But we don’t know much about the long-term effects of these new materials, according to associate professor of chemistry Murphy Brasuel and student Kelsey Wise ’12, whose peer-reviewed article on the subject was published last month in the journal “Nanotechnogy, Science and Applications.”
Their article, “The current state of engineered nanomaterials in consumer goods and waste streams: the need to develop nanoproperty-quantifiable sensors for monitoring engineered nanomaterials,” is a review of current applications of certain nanoparticles, methods used to characterize and quantify them, their presence in the environment, and what research has been done into their toxicity.
Brasuel, whose graduate work was on the development of nanoparticle sensors to monitor communication between cells, notes that nanoparticles have different properties than the same substance in larger form – one reason that so little is known about the effects of nanomaterials . A nanoparticle of titanium oxide, for example, a key ingredient in some mineral-based sunscreens, is different than a “bulk” version of the same material.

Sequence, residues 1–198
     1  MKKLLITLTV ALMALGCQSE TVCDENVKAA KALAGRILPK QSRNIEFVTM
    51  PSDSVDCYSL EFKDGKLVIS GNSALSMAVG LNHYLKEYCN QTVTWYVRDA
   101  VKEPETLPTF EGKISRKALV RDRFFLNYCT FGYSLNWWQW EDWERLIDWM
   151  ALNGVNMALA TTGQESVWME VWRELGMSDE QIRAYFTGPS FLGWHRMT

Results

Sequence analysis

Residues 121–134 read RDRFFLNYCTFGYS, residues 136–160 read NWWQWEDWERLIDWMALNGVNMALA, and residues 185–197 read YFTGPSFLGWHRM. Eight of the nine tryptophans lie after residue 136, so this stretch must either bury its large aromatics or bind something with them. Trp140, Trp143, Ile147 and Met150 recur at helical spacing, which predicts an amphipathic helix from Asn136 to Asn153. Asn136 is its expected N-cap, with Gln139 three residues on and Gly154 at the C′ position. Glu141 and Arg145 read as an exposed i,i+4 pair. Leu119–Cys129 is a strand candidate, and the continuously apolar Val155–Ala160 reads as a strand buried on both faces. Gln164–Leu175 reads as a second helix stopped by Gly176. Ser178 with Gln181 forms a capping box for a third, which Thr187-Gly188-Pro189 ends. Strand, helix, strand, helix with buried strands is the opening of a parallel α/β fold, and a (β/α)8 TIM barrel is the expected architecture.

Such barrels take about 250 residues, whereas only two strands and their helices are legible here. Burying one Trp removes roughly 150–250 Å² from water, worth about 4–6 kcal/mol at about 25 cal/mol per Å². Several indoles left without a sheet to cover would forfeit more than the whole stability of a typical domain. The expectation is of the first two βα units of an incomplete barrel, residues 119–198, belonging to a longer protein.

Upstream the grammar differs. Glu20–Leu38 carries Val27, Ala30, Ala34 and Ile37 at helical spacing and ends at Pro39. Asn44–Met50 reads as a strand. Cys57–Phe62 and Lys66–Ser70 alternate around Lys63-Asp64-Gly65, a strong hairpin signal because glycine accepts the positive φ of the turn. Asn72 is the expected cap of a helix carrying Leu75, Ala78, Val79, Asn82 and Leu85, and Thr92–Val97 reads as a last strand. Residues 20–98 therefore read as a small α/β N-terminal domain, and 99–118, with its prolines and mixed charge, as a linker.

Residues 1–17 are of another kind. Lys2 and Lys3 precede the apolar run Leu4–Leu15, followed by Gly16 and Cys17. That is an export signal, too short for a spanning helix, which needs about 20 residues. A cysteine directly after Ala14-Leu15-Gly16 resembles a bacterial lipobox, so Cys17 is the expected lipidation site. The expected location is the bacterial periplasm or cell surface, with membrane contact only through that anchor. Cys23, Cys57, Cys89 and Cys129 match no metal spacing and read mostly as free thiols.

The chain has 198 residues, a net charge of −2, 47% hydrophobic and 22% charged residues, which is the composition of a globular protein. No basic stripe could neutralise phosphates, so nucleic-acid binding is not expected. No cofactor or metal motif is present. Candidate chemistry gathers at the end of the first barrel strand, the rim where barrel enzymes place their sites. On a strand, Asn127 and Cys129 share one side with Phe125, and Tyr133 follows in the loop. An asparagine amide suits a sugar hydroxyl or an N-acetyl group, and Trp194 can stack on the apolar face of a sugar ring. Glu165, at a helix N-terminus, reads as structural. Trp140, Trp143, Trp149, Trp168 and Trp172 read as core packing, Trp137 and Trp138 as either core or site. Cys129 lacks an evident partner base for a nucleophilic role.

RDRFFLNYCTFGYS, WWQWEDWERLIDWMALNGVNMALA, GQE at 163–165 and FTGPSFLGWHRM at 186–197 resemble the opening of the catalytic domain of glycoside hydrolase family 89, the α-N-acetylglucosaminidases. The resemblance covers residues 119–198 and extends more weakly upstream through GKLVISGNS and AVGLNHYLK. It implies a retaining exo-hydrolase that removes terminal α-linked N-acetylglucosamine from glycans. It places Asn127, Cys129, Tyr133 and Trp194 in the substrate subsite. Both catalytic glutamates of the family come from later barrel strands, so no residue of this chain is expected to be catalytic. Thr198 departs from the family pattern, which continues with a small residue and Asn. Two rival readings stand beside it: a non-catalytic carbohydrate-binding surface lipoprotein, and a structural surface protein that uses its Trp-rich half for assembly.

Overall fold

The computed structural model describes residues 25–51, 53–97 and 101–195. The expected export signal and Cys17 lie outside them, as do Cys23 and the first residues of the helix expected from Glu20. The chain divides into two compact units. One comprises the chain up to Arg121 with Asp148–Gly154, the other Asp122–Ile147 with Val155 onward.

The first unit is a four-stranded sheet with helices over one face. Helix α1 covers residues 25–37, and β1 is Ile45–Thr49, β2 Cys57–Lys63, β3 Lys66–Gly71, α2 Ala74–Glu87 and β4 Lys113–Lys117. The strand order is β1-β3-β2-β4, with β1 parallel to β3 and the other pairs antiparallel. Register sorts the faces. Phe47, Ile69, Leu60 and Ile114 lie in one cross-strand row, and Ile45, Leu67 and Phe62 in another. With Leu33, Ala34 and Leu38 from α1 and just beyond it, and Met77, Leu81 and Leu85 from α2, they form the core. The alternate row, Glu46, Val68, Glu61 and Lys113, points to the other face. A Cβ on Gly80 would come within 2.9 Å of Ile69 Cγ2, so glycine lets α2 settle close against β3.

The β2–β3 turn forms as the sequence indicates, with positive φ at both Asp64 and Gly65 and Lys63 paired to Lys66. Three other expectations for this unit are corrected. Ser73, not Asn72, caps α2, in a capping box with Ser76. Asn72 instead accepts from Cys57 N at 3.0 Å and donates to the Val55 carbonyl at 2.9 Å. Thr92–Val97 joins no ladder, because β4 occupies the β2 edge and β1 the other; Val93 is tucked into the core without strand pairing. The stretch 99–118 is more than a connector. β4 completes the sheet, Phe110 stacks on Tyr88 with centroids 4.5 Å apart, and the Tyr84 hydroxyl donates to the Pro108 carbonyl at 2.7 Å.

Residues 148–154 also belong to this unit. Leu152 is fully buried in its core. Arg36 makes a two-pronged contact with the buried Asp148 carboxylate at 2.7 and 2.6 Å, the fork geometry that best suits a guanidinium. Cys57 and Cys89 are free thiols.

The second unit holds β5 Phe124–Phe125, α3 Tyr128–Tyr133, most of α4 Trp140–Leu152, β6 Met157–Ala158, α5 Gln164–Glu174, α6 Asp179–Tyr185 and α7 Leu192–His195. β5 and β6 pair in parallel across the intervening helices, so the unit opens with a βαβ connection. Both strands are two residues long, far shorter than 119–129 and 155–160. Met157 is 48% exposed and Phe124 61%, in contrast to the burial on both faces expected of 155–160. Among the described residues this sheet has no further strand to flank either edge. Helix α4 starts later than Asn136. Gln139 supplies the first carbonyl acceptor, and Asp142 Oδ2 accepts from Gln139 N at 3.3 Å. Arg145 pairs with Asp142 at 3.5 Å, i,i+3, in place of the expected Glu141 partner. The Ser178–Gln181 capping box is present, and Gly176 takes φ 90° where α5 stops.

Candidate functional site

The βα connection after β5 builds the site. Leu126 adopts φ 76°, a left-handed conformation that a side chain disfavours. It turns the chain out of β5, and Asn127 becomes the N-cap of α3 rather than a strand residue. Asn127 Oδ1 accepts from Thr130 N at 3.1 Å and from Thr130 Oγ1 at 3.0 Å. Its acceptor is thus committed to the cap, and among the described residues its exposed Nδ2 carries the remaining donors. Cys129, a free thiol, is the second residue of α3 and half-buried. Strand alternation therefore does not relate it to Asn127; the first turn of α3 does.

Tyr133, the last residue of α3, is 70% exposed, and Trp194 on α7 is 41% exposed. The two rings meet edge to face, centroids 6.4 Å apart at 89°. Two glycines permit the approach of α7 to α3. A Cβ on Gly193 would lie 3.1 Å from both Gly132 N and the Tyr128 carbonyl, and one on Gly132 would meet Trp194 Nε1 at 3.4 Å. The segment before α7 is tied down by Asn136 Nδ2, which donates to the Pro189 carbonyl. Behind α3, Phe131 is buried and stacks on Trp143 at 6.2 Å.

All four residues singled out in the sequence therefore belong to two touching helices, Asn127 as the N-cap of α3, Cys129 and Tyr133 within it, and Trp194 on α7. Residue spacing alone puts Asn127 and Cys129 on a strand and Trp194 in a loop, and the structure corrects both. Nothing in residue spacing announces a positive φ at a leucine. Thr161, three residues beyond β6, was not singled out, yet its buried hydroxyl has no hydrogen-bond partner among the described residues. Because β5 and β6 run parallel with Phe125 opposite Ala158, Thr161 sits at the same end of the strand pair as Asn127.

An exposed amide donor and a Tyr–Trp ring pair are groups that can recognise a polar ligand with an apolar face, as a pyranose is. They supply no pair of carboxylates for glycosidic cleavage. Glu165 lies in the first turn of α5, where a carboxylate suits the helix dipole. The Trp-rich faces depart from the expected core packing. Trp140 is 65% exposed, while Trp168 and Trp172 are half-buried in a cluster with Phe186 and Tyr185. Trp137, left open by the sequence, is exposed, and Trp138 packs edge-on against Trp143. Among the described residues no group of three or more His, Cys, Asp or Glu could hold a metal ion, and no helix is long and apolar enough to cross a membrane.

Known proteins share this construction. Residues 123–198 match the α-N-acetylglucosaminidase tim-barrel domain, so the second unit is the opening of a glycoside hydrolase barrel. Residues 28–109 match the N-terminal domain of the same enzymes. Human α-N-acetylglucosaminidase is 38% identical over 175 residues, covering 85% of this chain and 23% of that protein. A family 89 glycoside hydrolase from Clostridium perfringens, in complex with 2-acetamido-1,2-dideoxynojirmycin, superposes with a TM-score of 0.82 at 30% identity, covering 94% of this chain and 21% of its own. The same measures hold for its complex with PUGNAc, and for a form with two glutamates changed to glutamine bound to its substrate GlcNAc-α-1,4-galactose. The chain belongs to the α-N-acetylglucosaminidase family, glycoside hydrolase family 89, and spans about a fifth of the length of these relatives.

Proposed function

The nano version of titanium oxide is valued for its ability to be spread transparently over the skin as it absorbs UV light. It’s used as a pigment in toothpaste and some foods, has potential in solar and fuel cells and hydrogen production, and it’s used in self-cleaning windows because it’s good at creating reactive species that break down organic materials.
Besides titanium oxide, the article discussed four other nanomaterials that are in demand or will be soon be available to consumers. These are carbon nanotubes (used in cosmetics, paints, filters, and reinforced plastics), semiconductor quantum dots (poised to be used in targeted drug delivery, cancer detection, and image-guided surgery), and gold and silver (used widely in consumer products). The article notes that the properties that make these nanomaterials so useful could also make them toxic.